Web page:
It’s the click bait time of the year. The internet demands these year end recaps. In no rational order:
Honorable mention for a story I didn’t post –
Grandview Dad turns his son in to the police for peeping.
I thought about running this story, but just couldn’t work up the will to post it. I don’t want this blog to be about publicizing the stories of normal people with no particular lesson to be learned by discussing the story in public. Sneaking around taking pictures of women through their windows was a crime for which the 15 year old will be punished. Lots of kids do bad things and end up in trouble with the police. Why is this story notable?
The news media loved it though, I saw this story printed on newspaper websites all over the country. Google says it was in at least 50, including British and EU mentions. I guess there is sort of a moral quandary to the story, many parents would not have gone to the police. The possibility of the photos being part of the news stories probably made it a good click bait. For a time in November 2014 a search for Grandview Heights brought up multiple news coverage of this story, so it is notable because of the wide media mention of Grandview.
NRI lays out the future of Grandview Yard
This is the biggest development story of the year, possibly the biggest story ever for the future of the city. Although the announcement of the Grandview Yard development by NRI back in 2007 seemed like it would transform the city, the timing was horrible. Rumors of retail stores that turned out to be false, followed by a less than thrilling first stage development featuring a hotel and office building, and some apartments, left observers underwhelmed with the pace of the investment.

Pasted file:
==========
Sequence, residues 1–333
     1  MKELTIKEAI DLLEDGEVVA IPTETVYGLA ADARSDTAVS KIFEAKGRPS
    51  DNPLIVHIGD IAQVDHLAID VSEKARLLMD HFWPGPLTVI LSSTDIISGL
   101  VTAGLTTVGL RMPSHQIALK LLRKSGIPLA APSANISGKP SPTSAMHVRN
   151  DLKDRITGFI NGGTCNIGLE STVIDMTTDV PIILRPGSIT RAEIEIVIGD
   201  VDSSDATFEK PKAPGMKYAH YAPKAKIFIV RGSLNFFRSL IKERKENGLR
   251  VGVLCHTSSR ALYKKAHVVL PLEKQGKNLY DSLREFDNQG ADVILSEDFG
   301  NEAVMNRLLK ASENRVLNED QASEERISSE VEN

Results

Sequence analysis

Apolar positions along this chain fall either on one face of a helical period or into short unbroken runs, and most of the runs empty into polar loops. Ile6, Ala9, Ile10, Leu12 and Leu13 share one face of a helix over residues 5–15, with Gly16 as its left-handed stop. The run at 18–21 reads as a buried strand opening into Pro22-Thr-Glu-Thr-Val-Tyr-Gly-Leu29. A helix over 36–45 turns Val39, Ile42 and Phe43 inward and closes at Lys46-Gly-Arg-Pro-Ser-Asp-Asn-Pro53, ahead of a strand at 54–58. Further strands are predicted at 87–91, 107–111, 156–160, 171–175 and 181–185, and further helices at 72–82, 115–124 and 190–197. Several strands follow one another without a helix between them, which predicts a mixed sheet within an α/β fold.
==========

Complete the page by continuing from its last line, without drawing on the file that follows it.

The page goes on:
NRI dropped a bomb on the city in June with the announcement of a campus for the insurance arm of the company. What could have been a failed project is now assured to be a high density group of buildings with offices, more residential, restaurants and another hotel, and some additional retail. The city now moves into the position of having the taxes flowing in that can pay for the public services we only dreamed about in the past. Can the city cope with the sudden wealth, and make wise choices?
Band Director Hennig is out, despite impassioned pleas
More than a hundred parents and students packed into the April school board meeting to plea with the board to retain the school band director. Hennig had been hired the previous year and seemed to be doing a good job, the news that he would not be asked to continue with the school shocked the band parents. Despite the pleading and attempts to reason with the board, they went into a 50 minute private executive meeting and then voted unanimously to accept the forced resignation.
Board Vice President Brannan tried to do damage control with a “Keep Calm and March On” letter to the band parents that claimed the school superintendent was most responsible for the firing, but an investigation by Allen Froman at the TVN into the public records of band director Hennig at the high school showed none of them seemed to contain complaints that would cause principal Chafin to not recommend a new contract. O’Reilly said the Chafin had not made a decision on recommending a new contract, or recommending non-renewal, before the school board acted.
It was quite a surprise to read the January resignation letter from Superintendent O’Reilly. After spending a low key seven years at the school, the sudden departure without a planned move to another school didn’t make a lot of sense. I listed some possible reasons for the departure in a post, but none of them rang true. Except the last paragraph, in which I documented the bad blood between board president Douglass and O’Reilly. Shortly after, the school also lost the treasurer, with no good reason given. There is a story still waiting to be told about those resignations.
The high school was up in arms back in February about a twitter account “@Ohfession“ that contained shocking student stories of drug abuse and titillating sex tweets. I guess enough schools complained to get the account pulled from the web service. One down, millions to go!